Happy Monday everyone and welcome to the first day of Autumn.
Here’s your local and global tech news.
The end of HQs
But as remote work guru Chris Herd of FirstbaseHQ noted, the filing included “Address not applicable” because in May 2020, Coinbase became a remote-first company and “accordingly, we do not maintain a headquarters”.
"Address not applicable"
"In May 2020, we became a remote-first company. Accordingly, we do not maintain a headquarters."@coinbase just changed the game
Remote work is the future of all work pic.twitter.com/JfSU8ykFfb
— Chris Herd (@chris_herd) February 25, 2021
Cash for tweeting
While there are some people on Twitter we’d pay to not tweet, Jack Dorsey’s micro-blogging platform thinks it can make more cash by letting people pay in via subscriptions for what it’s calling “Super Follows” that allow users to charge others for access to content. Think of it as Patreon on Twitter, but at this stage there’s no more detail around how it will be priced – mock ups had $4.99 a month, but half the price of a whole Netflix subscription just to follow one person sounds a bit rich – or how much of a cut Twitter will take on the deal.
It also seems to be taking a leaf out of the Facebook playbook with “Communities”, which let users create groups around specific themes – we can imagine certain Australian politicians creating a coal-fired power stations interest group. It sounds a little like the hashtags we already use on Tweetdeck, or Lists 2.0, but go for it.
Meanwhile, there’s a new Safety Mode coming too, which will automatically detect abusive or spammy accounts and limit engagement for a week and allow you to “automatically block accounts that appear to break the Twitter Rules, and mute accounts that might be using insults, name-calling, strong language, or hateful remarks.”
$650m Facebook class action done
A US$650 million class action against Facebook over is AI facial recognition tagging, involving 1.6 million users, was approved by a US court in Illinois last week.
That’s $100m more than the previous offer on the table, USA Today reports.
It sounds like heaps, but the three named plaintiffs in the case score about US$5,000 and others around US$345 each.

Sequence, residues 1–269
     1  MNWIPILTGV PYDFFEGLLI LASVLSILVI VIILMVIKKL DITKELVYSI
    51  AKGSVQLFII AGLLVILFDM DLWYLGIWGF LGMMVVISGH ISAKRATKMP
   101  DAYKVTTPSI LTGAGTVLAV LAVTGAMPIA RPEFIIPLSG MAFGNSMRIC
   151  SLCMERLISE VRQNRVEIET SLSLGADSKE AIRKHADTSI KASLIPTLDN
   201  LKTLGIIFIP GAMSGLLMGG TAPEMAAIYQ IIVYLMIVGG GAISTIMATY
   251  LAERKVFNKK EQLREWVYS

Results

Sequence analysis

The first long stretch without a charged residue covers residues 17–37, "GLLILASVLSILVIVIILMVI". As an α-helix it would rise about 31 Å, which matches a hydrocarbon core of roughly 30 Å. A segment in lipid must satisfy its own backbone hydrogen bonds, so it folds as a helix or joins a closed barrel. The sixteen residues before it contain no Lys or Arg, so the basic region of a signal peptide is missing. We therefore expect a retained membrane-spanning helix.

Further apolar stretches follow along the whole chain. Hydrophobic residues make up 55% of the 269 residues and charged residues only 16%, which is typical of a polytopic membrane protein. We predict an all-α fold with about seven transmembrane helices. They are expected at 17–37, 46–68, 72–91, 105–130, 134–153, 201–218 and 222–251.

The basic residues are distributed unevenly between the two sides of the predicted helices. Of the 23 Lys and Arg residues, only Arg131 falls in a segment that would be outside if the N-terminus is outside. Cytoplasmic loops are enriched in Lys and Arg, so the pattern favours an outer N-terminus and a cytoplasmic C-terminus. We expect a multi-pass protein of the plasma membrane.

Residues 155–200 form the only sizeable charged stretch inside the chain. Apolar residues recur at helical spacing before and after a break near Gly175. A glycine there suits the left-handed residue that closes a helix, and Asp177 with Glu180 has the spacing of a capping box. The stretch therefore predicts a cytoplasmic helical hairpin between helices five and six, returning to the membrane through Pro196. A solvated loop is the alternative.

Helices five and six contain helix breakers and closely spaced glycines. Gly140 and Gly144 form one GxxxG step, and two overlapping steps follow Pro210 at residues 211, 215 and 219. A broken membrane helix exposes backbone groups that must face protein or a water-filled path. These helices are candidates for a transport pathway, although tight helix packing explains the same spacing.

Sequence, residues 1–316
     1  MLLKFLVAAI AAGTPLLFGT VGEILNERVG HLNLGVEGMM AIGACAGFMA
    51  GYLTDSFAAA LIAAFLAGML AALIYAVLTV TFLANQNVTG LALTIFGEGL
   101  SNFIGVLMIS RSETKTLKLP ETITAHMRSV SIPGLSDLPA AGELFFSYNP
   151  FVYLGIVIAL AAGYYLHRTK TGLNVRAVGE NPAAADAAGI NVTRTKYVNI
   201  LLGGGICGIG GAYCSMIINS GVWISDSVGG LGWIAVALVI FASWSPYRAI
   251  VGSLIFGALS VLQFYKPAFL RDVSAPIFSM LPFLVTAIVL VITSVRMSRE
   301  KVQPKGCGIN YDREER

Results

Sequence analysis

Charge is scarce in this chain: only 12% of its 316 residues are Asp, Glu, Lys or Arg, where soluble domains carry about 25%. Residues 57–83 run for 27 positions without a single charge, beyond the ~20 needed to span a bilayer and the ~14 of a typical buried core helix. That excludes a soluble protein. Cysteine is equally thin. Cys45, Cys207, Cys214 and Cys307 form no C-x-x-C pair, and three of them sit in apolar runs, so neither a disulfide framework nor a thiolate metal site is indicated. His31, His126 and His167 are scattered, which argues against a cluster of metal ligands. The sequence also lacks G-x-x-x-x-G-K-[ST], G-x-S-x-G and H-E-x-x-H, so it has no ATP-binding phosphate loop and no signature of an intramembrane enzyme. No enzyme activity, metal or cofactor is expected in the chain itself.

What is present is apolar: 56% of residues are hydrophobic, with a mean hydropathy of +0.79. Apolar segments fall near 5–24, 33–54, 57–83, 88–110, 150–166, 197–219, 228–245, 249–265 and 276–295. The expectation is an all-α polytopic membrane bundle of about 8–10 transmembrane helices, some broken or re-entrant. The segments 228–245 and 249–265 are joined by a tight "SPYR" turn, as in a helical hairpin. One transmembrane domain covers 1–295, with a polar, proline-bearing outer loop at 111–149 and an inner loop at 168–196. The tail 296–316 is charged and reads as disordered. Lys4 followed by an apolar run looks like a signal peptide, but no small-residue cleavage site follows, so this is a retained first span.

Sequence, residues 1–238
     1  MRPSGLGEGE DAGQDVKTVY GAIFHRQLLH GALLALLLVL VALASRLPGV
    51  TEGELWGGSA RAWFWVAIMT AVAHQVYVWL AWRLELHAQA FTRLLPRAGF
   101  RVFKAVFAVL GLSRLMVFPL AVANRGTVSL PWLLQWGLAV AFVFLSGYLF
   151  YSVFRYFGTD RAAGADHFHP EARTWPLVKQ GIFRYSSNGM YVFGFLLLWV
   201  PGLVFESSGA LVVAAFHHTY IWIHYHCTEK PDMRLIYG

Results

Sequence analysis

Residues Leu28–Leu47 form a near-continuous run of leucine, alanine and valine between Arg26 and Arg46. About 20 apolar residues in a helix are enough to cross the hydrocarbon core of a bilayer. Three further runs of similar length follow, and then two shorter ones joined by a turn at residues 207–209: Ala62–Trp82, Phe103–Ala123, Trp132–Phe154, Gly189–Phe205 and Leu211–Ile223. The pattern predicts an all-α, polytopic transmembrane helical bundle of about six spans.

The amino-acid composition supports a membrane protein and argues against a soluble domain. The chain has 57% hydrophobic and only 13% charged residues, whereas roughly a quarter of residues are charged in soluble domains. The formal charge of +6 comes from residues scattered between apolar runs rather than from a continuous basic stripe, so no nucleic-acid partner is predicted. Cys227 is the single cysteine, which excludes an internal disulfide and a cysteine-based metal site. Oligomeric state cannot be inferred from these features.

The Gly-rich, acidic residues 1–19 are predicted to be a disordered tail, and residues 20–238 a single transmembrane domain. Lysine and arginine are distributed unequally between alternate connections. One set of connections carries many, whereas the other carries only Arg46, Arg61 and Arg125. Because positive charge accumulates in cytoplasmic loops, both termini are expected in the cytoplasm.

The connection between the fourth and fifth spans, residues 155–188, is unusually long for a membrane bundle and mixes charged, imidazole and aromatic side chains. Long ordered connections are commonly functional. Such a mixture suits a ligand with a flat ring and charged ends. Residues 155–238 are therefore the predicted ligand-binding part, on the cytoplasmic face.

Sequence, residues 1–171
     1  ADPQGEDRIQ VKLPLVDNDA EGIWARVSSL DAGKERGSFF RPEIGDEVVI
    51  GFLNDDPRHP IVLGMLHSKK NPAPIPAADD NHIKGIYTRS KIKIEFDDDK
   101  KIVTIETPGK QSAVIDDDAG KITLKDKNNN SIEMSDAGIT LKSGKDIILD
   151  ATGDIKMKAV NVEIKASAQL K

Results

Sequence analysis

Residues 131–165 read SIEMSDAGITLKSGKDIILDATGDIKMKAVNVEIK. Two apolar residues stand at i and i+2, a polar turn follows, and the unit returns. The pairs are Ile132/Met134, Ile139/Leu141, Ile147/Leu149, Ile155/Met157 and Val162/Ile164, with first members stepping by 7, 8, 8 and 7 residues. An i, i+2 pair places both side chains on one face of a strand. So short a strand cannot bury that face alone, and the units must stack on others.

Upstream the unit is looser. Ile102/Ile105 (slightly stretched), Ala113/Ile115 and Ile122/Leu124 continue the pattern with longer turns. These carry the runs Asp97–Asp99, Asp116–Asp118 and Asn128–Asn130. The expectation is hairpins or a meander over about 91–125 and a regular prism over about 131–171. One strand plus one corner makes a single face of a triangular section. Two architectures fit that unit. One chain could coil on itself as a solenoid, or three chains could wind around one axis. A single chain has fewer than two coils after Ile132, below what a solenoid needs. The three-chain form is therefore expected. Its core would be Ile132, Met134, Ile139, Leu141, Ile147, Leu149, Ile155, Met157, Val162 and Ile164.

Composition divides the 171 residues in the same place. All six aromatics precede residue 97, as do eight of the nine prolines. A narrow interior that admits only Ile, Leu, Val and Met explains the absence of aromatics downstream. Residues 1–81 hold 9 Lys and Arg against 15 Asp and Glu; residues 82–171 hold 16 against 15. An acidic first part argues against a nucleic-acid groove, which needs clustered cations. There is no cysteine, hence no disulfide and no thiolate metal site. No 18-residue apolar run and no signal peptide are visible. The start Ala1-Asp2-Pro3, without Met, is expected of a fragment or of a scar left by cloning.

Facebook released a statement saying: “We are pleased to have reached a settlement so we can move past this matter, which is in the best interest of our community and our shareholders.”
Deep fake clips, purporting to be Tom Cruise, have been freaking out TikTok users in recent days.
The account @deeptomcruise has more than 330,000 followers and there’s been a bunch of “Cruise” clips, from golfing to magic tricks and anecdotes about Gorbachev featuring the fake Tom, complete with maniacal laugh, which adds to the eeriness.
This is not Tom Cruise
This is a deep fake
This probably isn't great news for Cameo pic.twitter.com/CqkzNOAFQp
— Damian Burns (@damianburns) February 26, 2021
And then there’s this:
I watched this video last night and it's still freaking me out. A deep fake where Bill Hader *turns into* Tom Cruise and Seth Rogan *while impersonating them*. (via @MohamedGhilan / Ctrl Shift Face on YouTube) pic.twitter.com/59evJ5Etfi
— Gavin Sheridan (@gavinsblog) August 12, 2019
Afterpay-style fintech raises $15m
A fintech that pays your bills on time, then lets you pay them off in four instalments subsequently has raised $15 million in a series B round.
Sydney-based Deferit has been backed by existing investor Carthona Capital and new investor Alceon Group. The company said it will use the money to accelerate growth via marketing and partnerships, and build the team with new hires.
The venture, founded in 2018, mimics the Afterpay model, but for household bills. The Series B round did not disclose a valuation.
Tweet of the Day:
One of the biggest problems in VC today are perceptions of non-technical male founders vs non-technical female founders.
Non-technical male founders: viewed as charismatic, creative/big thinker
Non-technical female founders: viewed as incompetent, uninspired
Needs to change.
— Jai Malik (@Jai__Malik) February 28, 2021